Presto Pesto! (And healthy too!)

With still a huge bouquet of basil left from last Sunday’s farmers’ market, I thought of making another batch of pesto, a family favorite around here. (I have two “World Famous” recipes in my repertoire (self-proclaimed, sadly).   Pesto is one of them.  The other is my bolognese sauce, but I won’t divulge that one until at least the first bite of winter!

But having gorged all summer long on enough butter and cheese from pesto to last a lifetime (okay, maybe only until next summer), I decided to make a lighter version which is not only lower in fat, but dairy-free as well.  Best of all, it comes together in less than half the time of the usual pesto, since there is no sauteing (in butter) of pine nuts and no shredding of big cheese chunks.  Oops…I may have given away the secret of my W.F. pesto recipe…

Here’s the light version:


1 cup pine nuts
1 1/2 cups EVOO
10 cups fresh basil leaves, washed and dried*, no stems
4-6 garlic cloves, roughly chopped
salt to taste, about 1 teaspoon


1.  Preheat a small skillet over low heat.  Add pine nuts and lightly brown by shaking the pan and stirring the nuts, about 3 minutes. Be careful not to let them burn.  Set aside to cool.

2.  Add all ingredients to food processor or blender.  Puree until desired consistency, either chunky or smooth or somewhere in-between.

This recipe makes about 2 cups of pesto.  It can be stored for about 5 days in the fridge.

* A salad spinner works well to dry the leaves.



It happens to me every year around this time.  I start getting tired of summer produce.  (I feel guilty saying it; please understand.)  But I’m not yet willing to switch to apple pie, apple quick breads, and everything and anything made with cinnamon.  So this morning I glanced (with just a hint of annoyance) at the lineup of produce on my kitchen counter from yesterday’s farmers’ market and wondered what to do with it all.

Here’s yesterday’s catch:

one truly masterful, locally made 3-grain French Country Batard
several varieties of heirloom tomatoes, including heirloom cherry tomatoes
one small, dirt-covered red onion
one big bunch of bright-green basil, since my own is raggedy this late in the season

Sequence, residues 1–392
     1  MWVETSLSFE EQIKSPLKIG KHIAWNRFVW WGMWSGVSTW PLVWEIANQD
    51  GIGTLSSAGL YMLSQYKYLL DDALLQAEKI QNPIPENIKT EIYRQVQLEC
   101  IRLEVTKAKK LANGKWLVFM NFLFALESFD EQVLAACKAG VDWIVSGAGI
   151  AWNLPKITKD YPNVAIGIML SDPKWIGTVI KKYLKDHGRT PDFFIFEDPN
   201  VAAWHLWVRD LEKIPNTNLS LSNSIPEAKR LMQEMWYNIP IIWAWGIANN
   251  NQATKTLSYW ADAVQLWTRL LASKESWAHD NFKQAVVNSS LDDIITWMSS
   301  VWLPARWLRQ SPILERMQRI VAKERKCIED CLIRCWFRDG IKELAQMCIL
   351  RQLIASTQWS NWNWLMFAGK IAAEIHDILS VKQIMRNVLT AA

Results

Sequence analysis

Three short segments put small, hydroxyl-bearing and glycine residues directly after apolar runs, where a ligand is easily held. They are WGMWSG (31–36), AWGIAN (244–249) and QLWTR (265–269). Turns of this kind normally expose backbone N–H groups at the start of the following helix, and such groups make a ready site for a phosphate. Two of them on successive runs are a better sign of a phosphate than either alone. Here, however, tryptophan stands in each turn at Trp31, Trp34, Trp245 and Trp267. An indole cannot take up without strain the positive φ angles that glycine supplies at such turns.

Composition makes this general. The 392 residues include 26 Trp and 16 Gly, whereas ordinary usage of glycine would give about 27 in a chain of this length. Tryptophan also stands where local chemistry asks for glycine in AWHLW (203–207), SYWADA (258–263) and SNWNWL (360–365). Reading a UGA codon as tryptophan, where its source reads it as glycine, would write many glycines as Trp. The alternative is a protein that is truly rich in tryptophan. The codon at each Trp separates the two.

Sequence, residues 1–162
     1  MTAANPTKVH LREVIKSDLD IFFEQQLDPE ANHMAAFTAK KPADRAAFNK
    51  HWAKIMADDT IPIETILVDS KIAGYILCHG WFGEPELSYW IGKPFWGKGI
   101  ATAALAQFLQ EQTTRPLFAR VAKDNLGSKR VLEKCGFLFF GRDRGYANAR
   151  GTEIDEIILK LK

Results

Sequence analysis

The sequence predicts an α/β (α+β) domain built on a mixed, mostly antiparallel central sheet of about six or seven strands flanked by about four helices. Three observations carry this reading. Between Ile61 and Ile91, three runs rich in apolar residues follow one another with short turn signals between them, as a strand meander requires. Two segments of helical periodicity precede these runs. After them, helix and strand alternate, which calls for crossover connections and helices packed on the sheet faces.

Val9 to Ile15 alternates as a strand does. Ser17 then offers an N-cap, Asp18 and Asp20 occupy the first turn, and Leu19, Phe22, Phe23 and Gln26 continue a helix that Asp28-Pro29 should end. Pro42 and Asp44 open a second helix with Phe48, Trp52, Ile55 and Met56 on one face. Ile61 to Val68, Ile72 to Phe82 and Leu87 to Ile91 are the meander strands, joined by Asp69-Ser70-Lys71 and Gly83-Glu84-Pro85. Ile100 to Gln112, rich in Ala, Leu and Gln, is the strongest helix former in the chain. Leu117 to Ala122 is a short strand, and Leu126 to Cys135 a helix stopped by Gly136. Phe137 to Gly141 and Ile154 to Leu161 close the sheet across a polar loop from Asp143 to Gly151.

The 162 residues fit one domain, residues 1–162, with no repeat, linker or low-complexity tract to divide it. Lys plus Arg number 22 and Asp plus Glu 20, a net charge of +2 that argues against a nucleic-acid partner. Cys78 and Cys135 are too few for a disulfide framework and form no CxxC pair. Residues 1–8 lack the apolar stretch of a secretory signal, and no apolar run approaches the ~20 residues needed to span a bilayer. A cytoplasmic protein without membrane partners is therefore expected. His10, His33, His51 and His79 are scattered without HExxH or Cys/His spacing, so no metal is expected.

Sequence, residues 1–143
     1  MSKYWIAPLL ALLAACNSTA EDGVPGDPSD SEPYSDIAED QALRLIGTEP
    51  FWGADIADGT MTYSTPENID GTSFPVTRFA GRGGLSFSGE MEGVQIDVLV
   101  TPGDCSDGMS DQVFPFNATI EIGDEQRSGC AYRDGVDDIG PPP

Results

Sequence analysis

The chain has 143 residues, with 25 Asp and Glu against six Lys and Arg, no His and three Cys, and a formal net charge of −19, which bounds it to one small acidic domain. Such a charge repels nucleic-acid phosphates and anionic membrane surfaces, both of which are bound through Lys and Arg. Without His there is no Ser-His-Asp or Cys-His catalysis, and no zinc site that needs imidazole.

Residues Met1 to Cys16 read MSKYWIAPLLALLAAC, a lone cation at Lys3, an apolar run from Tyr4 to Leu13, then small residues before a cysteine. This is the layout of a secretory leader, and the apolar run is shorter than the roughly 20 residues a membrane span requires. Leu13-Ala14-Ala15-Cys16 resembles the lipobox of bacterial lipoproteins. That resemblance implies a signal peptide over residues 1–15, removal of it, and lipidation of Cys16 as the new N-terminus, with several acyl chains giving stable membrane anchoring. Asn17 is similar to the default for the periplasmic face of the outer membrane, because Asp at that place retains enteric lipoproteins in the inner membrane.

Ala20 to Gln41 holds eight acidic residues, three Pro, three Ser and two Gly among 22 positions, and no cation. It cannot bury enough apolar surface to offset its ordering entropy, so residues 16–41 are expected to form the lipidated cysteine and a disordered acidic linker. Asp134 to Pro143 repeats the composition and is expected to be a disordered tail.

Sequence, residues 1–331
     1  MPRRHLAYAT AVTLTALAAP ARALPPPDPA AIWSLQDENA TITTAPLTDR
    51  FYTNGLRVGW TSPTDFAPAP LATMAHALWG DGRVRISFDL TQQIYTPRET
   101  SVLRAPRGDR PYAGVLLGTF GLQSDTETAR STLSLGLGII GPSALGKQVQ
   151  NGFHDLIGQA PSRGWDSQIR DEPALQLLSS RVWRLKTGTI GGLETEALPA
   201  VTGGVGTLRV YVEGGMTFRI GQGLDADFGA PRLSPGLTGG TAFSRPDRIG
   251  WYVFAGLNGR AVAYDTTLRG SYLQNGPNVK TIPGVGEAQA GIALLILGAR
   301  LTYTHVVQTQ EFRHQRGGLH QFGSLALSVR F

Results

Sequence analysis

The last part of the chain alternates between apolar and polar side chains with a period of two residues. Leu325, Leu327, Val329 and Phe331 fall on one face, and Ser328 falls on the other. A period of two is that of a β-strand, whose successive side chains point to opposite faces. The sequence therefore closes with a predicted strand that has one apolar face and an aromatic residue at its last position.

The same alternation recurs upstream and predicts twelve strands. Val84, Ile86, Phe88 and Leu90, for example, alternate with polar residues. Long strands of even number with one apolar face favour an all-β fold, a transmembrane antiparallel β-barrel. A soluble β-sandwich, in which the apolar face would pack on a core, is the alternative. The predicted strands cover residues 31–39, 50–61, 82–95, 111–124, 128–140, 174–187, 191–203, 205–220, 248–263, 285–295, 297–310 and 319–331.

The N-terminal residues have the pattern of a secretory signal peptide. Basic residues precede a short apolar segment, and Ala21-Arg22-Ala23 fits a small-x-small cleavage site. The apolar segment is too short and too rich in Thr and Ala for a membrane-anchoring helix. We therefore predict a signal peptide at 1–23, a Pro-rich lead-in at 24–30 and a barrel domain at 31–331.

one bottle of white wine crafted by a local vineyard

In summer I always have on hand great-quality EVOO*, and red wine and balsamic vinegars, so I decided to make Panzanella, the one summer salad I haven’t already put together.  The beauty of this recipe is that you can use any quantity of the ingredients you wish, and you can add or subtract the extra ingredients to your liking, since no one likes to be told what to do this late in the summer!

Basic Ingredients:

mixed varieties of summer tomatoes
boule or baguette of whole grain french or other rustic bread, cut into bite-sized chunks
good quality red wine or balsamic vinegar, or a combination of the two
red onion, sliced and halved
fresh basil, julienned, chopped, or torn
salt and freshly ground black pepper


1.  Cut the bread as directed above.  To add some crunch, you can toast it by sauteing it in EVOO over med-low flame for 5-10 minutes. Un-toasted bread, on the other hand, works well to soak up the oil, vinegar, and tomato juices, so it’s your choice.  One or two-day old bread is preferable but not necessary.

2. Assemble all ingredients. Let sit at room temperature for 20-30 minutes to blend flavors.  (Sip some of the wine while waiting.)

3. Here are some add-ins that work well: crumbles of cheese such as feta, goat, or ricotta salata, calamata olives, quartered beets, slices of white nectarines or peaches, kernels of left-over fresh corn, stripped from the cob.

* EVOO is the abbreviation of Extra Virgin Olive OIl